I’ve worked with dozens of men and have logged in thousands of hours doing my best to help them. I’m a big boy. I know what I’m potentially getting into when I agree to take them on as a client.

I understand. I can’t judge. I can’t give up on them.

I’ve done it myself. As I’ve previously stated, I’ve blown many potentially amazing opportunities. I’ve blown it with incredible mentors and really good people who genuinely wanted to help me.

I do my best not to take it personally.

I’ll NEVER give up on my men.

I’ve made it to this other side.

The huge world that I live in now is a much better place to live. There’s so much more room to grow.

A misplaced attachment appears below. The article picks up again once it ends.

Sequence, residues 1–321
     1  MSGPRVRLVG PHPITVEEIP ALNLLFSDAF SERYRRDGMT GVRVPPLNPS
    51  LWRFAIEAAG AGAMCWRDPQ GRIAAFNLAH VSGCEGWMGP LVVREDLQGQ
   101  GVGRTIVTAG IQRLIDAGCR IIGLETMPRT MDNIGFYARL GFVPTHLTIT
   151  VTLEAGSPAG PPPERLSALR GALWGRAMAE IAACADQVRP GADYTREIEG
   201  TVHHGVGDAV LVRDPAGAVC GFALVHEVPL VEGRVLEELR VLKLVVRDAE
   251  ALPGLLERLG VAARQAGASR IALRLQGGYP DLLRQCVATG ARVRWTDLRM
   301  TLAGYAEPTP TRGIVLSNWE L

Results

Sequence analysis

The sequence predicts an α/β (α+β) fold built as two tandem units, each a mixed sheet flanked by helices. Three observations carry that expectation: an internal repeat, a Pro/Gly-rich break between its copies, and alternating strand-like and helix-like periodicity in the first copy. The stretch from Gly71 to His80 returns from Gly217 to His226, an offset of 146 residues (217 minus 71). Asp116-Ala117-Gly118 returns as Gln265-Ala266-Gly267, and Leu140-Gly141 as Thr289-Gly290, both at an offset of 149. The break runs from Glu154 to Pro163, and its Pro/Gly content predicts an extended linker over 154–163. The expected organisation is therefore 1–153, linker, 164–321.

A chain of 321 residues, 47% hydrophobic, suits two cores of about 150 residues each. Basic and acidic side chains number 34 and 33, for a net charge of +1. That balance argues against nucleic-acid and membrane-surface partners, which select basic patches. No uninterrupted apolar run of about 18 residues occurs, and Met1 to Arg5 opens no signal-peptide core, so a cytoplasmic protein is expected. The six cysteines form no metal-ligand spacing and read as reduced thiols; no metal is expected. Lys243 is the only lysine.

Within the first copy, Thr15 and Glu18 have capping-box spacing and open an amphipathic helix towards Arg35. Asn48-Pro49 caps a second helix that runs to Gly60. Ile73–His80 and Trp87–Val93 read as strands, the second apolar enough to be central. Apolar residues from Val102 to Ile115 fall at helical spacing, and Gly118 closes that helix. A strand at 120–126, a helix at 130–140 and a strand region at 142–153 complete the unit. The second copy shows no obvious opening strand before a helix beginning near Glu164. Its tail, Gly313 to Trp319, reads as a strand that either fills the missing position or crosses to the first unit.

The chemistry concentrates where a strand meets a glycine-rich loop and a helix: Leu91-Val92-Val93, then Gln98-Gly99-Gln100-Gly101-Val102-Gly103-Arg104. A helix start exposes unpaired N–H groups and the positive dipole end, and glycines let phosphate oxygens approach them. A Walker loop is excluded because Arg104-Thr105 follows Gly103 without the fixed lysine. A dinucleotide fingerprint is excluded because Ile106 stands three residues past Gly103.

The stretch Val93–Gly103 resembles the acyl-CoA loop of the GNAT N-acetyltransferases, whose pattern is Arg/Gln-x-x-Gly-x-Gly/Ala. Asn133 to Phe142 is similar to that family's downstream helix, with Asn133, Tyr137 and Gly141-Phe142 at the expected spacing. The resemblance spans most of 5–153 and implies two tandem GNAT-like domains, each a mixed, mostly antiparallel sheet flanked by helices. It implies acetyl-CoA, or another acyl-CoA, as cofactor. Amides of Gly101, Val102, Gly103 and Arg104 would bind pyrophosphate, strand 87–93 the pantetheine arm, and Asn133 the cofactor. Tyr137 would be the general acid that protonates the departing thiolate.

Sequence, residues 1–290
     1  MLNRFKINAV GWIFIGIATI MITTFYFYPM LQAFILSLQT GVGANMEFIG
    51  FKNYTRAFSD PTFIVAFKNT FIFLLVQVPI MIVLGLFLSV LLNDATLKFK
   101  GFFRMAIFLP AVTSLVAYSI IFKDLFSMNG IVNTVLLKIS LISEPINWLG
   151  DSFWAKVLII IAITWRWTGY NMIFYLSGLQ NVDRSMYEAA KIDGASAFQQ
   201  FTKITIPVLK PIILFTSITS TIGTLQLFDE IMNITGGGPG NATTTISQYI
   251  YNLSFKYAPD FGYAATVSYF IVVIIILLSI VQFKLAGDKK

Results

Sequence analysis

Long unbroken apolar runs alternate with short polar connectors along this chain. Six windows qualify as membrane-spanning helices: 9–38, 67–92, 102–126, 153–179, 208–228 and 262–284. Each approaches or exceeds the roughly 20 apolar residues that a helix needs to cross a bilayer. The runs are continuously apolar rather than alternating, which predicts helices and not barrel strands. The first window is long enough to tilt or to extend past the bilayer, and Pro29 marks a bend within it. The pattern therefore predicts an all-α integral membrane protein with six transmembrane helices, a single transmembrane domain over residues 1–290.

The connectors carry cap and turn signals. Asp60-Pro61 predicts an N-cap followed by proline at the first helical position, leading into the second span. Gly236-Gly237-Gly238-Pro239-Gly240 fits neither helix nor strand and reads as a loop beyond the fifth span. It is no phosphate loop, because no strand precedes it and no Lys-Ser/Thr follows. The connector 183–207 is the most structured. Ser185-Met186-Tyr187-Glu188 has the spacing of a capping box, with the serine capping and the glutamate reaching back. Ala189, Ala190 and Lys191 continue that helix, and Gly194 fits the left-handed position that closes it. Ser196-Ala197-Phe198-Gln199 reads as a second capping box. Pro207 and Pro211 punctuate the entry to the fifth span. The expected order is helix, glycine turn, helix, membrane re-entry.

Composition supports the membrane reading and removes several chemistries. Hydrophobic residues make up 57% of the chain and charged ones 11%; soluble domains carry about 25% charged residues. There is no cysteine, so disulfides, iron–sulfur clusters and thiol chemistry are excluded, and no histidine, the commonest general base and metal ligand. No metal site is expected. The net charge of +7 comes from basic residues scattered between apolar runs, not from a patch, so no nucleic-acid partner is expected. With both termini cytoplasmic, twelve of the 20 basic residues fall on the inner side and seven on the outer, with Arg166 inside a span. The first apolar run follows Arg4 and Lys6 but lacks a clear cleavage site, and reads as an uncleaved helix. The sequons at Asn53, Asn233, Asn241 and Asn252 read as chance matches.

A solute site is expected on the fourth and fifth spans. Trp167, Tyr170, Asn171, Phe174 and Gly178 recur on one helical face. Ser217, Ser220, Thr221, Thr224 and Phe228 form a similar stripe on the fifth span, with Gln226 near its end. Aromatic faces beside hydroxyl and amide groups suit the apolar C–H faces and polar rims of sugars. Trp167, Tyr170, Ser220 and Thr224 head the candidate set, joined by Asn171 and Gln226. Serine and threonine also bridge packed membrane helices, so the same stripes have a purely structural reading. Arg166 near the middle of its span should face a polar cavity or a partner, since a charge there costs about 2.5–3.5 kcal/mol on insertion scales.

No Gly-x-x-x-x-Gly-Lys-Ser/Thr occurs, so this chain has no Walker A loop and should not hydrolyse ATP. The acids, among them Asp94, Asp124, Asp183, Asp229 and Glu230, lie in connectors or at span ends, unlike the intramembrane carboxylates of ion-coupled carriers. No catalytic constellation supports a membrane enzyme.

They can too, no matter how things may appear at the time.

So can you, if you are challenged in the same ways.

I’m certain of this.

I bravely risk my integrity on this.

Skip La Cour
It’s A Matter Of Trust: Confessions of a Recovering Bodybuilder

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About Author

Skip La Cour

Skip La Cour is a coach, speaker, and entrepreneur. He is the creator of the MANformation Confidence and Leadership personal development program for men and was a six-time national champion drug-free bodybuilder. La Cour helps ambitious men understand and execute effective confidence, leadership, and influence skills so that they reach their biggest goals in life with more control, clarity, and focus. Feel free to email Skip at any time at [email protected] with your questions and comments. Or, call (213)973-8790.